Fiber and disk laser technologies are a direct extension of Nd:YAG lasers – which have enjoyed a niche in the laser cutting world since the 1980’s. Originally Nd;YAG lasers were used either where fine detail (eg Clock hands) needed to be cut, or where the application demanded that the laser be fed to the workpiece by an optical fiber (e.g. on an automotive production line where space is at a premium). Fiber and Disk lasers are the more efficient, more powerful big brothers of the early Nd:YAG machines. Multikilowatt powers are available and these machines can cut thinner section (3 mm [0.12in] or less) metals considerably faster than CO2 lasers of the same power. The choice between the two types of machine from a job shop point of view is not straight forward – both machines have advantages and disadvantages.
In a meeting in the UK last year, the world’s leading laser cutting expert – Dr. Dirk Petring, summed up the Fiber laser situation by saying that, ‘If you compare the CO2 and fiber laser performance for thin section metal cutting, the CO2 laser is dead’. Within hours I heard a fiber laser cutting salesman misquoting this as ‘The CO2 laser is dead as far as cutting is concerned – Dirk Petring says so’. But two of the most important words in Dirk’s original statement are ‘thin section’.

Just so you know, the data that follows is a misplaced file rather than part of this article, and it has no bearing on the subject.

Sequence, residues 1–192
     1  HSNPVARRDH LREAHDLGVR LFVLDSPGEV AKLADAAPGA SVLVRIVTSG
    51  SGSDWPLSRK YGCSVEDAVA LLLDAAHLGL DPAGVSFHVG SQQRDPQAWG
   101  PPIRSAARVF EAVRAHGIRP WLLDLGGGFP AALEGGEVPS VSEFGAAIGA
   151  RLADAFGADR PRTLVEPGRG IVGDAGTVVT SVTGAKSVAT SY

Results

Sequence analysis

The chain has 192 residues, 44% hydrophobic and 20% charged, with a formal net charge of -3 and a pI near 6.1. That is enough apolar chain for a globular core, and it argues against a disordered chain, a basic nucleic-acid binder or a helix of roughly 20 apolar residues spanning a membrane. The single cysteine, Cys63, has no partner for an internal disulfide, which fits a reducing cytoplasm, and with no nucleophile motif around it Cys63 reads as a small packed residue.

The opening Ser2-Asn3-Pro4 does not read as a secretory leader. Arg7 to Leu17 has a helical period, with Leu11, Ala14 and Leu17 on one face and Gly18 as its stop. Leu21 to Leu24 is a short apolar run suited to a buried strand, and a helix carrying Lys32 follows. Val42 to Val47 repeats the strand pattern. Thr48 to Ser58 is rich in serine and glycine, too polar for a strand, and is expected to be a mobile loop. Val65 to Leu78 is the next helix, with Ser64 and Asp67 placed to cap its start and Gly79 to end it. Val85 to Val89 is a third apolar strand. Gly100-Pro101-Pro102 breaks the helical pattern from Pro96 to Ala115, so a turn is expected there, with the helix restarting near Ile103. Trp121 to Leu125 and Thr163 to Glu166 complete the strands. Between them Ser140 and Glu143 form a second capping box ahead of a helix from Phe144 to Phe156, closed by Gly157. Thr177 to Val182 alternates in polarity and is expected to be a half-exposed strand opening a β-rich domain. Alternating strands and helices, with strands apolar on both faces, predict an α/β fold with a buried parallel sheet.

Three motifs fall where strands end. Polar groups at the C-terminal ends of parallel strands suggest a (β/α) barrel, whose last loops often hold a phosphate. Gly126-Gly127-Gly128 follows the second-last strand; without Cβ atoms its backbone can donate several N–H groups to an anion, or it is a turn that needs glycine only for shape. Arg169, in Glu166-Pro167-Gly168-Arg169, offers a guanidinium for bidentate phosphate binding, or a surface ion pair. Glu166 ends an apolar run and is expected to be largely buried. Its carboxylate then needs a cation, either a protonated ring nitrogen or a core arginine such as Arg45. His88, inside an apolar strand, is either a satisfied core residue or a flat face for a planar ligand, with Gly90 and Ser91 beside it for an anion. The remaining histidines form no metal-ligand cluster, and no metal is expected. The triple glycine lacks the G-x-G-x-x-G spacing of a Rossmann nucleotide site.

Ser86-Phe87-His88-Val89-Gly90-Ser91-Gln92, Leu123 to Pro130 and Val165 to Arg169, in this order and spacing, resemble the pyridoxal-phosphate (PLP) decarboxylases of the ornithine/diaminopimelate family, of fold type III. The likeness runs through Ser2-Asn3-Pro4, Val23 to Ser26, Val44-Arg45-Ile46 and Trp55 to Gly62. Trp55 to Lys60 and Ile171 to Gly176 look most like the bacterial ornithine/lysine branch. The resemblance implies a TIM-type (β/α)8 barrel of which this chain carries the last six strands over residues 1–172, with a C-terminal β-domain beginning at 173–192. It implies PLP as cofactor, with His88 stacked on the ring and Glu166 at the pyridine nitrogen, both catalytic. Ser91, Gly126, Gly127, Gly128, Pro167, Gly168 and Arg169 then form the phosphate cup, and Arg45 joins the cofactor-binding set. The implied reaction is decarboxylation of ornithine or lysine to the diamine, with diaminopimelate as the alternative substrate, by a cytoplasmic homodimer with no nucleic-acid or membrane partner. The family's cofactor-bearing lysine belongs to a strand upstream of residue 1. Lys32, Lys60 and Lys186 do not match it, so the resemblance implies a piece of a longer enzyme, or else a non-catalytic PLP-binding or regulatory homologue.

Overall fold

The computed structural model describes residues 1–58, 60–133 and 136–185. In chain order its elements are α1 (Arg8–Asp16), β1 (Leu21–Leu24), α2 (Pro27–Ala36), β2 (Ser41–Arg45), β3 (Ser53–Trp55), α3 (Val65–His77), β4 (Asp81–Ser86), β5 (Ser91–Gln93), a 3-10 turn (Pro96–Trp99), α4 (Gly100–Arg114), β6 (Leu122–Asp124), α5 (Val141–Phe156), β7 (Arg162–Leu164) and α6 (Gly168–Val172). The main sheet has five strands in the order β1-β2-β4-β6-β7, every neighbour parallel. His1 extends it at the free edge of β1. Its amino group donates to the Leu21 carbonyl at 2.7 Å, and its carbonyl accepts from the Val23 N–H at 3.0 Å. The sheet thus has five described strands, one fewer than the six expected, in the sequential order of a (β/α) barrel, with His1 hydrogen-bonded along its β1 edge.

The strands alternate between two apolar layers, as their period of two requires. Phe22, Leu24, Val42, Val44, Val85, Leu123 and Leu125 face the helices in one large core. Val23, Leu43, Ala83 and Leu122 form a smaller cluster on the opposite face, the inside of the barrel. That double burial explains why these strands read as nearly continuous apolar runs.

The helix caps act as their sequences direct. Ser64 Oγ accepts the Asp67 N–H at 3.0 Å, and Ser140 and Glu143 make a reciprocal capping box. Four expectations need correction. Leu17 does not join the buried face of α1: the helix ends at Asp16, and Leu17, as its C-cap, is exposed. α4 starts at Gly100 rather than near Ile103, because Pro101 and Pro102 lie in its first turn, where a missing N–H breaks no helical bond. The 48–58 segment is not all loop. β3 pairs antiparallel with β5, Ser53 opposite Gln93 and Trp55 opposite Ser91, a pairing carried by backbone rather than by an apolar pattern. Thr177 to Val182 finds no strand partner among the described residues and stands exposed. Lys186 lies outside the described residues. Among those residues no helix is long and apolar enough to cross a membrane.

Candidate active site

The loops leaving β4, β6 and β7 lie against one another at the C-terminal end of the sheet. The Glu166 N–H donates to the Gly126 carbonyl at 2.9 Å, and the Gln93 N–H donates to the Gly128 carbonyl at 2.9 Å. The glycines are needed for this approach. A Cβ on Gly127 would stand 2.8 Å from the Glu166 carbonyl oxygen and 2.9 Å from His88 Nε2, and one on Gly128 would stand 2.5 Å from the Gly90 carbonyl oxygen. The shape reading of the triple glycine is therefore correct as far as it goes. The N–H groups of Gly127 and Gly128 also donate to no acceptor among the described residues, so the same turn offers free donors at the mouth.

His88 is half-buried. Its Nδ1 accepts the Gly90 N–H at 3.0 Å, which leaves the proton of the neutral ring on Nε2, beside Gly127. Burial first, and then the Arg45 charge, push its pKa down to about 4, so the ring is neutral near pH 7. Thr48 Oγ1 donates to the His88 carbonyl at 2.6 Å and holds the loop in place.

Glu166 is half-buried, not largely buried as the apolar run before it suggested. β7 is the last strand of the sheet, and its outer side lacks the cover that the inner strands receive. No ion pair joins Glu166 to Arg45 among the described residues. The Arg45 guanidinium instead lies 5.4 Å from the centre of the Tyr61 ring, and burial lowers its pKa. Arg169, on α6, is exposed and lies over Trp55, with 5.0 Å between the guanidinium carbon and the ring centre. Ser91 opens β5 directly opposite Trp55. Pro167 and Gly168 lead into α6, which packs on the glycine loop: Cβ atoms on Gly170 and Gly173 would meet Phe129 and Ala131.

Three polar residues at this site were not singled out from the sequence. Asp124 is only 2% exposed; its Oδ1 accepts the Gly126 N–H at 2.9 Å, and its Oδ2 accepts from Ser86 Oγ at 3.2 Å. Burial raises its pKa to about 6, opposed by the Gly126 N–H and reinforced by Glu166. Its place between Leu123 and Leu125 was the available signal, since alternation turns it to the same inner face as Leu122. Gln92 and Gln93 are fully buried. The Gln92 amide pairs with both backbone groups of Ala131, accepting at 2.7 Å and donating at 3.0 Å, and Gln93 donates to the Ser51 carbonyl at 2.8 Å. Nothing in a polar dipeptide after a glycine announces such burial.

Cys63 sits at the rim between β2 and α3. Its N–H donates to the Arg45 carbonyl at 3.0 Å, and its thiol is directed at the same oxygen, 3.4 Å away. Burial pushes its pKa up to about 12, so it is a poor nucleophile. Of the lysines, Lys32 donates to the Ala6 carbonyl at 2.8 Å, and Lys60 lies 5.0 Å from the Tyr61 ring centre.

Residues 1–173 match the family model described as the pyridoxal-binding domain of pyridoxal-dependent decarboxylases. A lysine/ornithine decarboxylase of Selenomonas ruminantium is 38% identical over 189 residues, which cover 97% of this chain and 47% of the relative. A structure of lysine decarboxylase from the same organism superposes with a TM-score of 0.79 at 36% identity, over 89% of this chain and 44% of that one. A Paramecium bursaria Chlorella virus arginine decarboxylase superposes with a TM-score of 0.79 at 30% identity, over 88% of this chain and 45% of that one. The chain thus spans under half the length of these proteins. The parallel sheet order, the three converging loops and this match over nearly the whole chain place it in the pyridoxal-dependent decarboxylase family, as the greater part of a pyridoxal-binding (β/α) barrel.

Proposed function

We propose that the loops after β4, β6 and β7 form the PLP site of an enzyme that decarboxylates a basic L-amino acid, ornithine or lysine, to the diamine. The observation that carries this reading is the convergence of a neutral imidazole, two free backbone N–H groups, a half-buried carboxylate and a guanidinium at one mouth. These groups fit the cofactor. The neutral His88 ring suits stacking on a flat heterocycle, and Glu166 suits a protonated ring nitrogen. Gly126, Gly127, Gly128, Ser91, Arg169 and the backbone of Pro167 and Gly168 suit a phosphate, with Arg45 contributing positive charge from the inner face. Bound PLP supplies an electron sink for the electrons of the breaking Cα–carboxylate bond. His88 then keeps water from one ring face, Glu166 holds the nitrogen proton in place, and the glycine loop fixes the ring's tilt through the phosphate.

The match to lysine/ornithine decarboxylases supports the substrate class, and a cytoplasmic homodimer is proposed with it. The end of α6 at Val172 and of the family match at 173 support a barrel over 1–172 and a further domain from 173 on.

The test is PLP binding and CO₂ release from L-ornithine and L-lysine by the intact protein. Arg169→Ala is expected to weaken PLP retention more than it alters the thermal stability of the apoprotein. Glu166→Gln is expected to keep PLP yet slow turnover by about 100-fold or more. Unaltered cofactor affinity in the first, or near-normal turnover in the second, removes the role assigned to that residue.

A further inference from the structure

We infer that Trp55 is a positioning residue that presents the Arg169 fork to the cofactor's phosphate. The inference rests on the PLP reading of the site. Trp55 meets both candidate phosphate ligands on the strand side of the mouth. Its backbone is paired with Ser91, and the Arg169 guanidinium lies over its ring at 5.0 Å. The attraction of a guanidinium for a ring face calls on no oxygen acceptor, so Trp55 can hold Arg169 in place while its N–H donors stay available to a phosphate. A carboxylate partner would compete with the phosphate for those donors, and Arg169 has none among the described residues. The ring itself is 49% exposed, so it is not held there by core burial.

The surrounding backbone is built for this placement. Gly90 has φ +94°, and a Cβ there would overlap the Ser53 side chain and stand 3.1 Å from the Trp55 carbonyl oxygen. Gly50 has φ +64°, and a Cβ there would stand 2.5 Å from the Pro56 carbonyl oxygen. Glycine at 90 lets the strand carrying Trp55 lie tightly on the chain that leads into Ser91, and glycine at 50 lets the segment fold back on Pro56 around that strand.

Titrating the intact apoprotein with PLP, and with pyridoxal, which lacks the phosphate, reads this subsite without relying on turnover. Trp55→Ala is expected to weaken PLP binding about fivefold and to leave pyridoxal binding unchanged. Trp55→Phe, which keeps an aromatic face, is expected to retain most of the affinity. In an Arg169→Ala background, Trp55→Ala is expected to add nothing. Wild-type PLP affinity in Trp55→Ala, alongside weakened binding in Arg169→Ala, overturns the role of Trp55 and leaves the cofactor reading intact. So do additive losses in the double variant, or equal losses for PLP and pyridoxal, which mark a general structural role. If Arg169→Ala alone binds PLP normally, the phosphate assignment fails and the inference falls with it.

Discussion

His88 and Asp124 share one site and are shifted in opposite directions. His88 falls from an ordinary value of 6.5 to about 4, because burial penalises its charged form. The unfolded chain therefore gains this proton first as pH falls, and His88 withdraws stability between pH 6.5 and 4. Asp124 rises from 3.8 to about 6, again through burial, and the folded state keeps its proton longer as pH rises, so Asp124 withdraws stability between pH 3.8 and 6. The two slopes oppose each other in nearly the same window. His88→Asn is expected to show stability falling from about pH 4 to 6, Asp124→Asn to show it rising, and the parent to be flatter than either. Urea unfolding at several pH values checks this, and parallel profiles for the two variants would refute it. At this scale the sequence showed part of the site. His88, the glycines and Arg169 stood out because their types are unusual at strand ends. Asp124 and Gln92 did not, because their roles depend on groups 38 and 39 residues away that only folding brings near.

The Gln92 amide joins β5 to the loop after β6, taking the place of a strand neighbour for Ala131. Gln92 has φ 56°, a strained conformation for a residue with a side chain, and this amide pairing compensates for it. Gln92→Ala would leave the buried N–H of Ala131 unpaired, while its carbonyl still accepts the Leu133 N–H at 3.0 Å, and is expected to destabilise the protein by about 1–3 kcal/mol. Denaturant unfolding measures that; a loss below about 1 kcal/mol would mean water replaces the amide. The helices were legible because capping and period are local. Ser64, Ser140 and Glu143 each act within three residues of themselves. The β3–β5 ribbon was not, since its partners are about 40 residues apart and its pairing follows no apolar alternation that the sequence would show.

Fiber lasers do a great job cutting metals thinner than 3 mm (0.12 in) – they are faster than their CO2 counterparts and the edge quality is just as good. If you are a manufacturer of metal cabinets, air ducting components or point of sale display racks, where metal thicknesses are well within this region, the Fiber laser will do the job faster – and will probably be a better choice than a CO2 machine.
For a job shop the choice is less obvious. My own firm uses four big CO2 machines working 24 hours a day. If some new government came along and offered to replace all my machines for free (I wish), I would not choose to get four fiber lasers. I would get three CO2 lasers and one fiber. So – why is this?
First of all we need to establish a level playing field – and the most obvious leveler is purchase price. A 5 kW CO2 laser cutting machine costs about the same as a 3kW Fiber one, so we will investigate a comparison between these two types.
There are enough interlinked criteria involved in the direct choice of the two types of machine to drive anyone crazy. Fortunately the big laser cutting machine manufacturers have begun to generate genuine comparative information rather than useless ‘fastest speeds’ data and I am grateful for the information supplied to me by both TRUMPF and Bystronic in the preparation of this paper.